The latest NI housing statistics, transactions, starts and completions for Q3 2021 were released this morning by NISRA.
Property prices, transactions and starts all rose year-on-year in Q3 2021. However, there was a modest year-on-year decline in housing completions (refers to house building not sales).
Estate agents and house builders have experienced a ‘V-shaped’ recovery. But, given the headwinds stemming from a shortage of housing stock, supply chain disruption and significant inflation with building materials, 2021 could well mark a peak in both transactions and house building activity. In 2022, residential property prices may be the only key housing market metric to still be on the rise.
One direction.Northern Ireland’s house price recovery is six-years old. For twenty-three of the last twenty-five quarters residential property prices have gone one way – up! Despite this significant run of steady price rises, less than one-third of the 57% drop in prices that occurred between Q3 2007 and Q1 2013 has been recouped so far. As of Q2 2019, local house prices were still 39% below Q3 2007’s ‘freak peak’.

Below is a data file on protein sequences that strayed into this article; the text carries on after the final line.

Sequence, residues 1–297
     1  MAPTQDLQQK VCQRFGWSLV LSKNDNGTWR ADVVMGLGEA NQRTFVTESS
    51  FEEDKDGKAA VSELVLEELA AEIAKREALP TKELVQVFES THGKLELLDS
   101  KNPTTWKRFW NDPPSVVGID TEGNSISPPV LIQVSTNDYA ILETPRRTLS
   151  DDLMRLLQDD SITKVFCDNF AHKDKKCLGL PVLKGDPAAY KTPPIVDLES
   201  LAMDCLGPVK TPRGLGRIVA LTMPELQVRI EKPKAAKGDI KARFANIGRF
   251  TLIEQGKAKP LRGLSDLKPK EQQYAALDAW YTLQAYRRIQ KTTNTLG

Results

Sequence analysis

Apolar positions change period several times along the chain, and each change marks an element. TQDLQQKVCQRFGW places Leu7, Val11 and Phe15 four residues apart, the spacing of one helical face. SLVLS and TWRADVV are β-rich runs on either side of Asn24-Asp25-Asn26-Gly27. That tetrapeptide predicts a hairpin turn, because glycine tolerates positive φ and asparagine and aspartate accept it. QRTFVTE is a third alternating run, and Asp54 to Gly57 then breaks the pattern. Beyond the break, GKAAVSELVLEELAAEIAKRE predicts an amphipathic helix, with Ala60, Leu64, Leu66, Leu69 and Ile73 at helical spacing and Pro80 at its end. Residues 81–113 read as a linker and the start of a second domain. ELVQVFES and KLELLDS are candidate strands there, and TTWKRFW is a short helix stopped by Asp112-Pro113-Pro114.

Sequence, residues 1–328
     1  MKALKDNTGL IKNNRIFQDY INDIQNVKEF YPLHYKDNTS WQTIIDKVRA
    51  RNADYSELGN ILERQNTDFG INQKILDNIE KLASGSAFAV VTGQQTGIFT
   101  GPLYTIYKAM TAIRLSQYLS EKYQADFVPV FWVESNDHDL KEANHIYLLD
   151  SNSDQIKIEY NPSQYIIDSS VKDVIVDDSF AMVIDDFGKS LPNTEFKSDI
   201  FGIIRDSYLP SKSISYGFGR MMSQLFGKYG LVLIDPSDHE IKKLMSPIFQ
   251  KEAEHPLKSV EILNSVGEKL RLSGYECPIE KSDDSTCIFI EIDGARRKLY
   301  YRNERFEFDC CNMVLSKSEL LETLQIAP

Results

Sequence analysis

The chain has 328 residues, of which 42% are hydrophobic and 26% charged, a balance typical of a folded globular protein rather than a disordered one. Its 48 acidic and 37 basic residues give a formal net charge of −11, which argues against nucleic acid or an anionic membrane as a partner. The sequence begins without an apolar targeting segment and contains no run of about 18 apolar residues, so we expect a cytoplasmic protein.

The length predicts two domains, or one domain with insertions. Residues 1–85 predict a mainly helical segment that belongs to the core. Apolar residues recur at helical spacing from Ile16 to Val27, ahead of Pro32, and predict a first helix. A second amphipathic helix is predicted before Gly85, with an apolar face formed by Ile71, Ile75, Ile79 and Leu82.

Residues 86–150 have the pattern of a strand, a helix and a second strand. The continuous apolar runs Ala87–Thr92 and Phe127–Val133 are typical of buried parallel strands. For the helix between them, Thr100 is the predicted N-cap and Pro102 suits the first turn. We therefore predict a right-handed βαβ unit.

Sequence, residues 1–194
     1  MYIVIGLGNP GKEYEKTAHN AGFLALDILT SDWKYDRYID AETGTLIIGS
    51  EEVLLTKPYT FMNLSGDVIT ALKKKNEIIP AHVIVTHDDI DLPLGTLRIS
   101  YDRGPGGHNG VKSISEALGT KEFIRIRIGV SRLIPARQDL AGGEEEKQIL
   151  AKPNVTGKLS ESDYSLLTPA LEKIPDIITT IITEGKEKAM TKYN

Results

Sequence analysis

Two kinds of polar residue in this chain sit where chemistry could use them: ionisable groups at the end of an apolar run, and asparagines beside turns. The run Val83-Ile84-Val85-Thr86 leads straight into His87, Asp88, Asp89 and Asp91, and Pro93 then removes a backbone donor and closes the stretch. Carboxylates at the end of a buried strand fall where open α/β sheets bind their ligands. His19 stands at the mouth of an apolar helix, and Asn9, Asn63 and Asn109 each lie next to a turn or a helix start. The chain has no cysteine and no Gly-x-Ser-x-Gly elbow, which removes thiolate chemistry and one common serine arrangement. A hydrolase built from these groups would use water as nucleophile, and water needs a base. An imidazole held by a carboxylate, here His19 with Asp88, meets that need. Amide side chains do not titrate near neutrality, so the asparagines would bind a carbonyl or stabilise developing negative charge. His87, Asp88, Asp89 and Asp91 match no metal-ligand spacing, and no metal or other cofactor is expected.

A graph charting instances of house prices being discussed at dinner parties across Northern Ireland would show a very large spike around 2007 followed by a deep trough in the years after the boom rediscovered gravity. Indeed, the subject became almost taboo as the downturn unfolded.
Two deficits of two very different kinds hit the headlines over the last two weeks, the budget deficit and the current account deficit. The former is shrinking slower than was planned, the latter is widening. Together they imply that the UK is increasingly reliant on foreigners to fund our standard of living. Maintaining the outside world’s confidence is therefore crucial for the stability of the UK economy.Continue reading →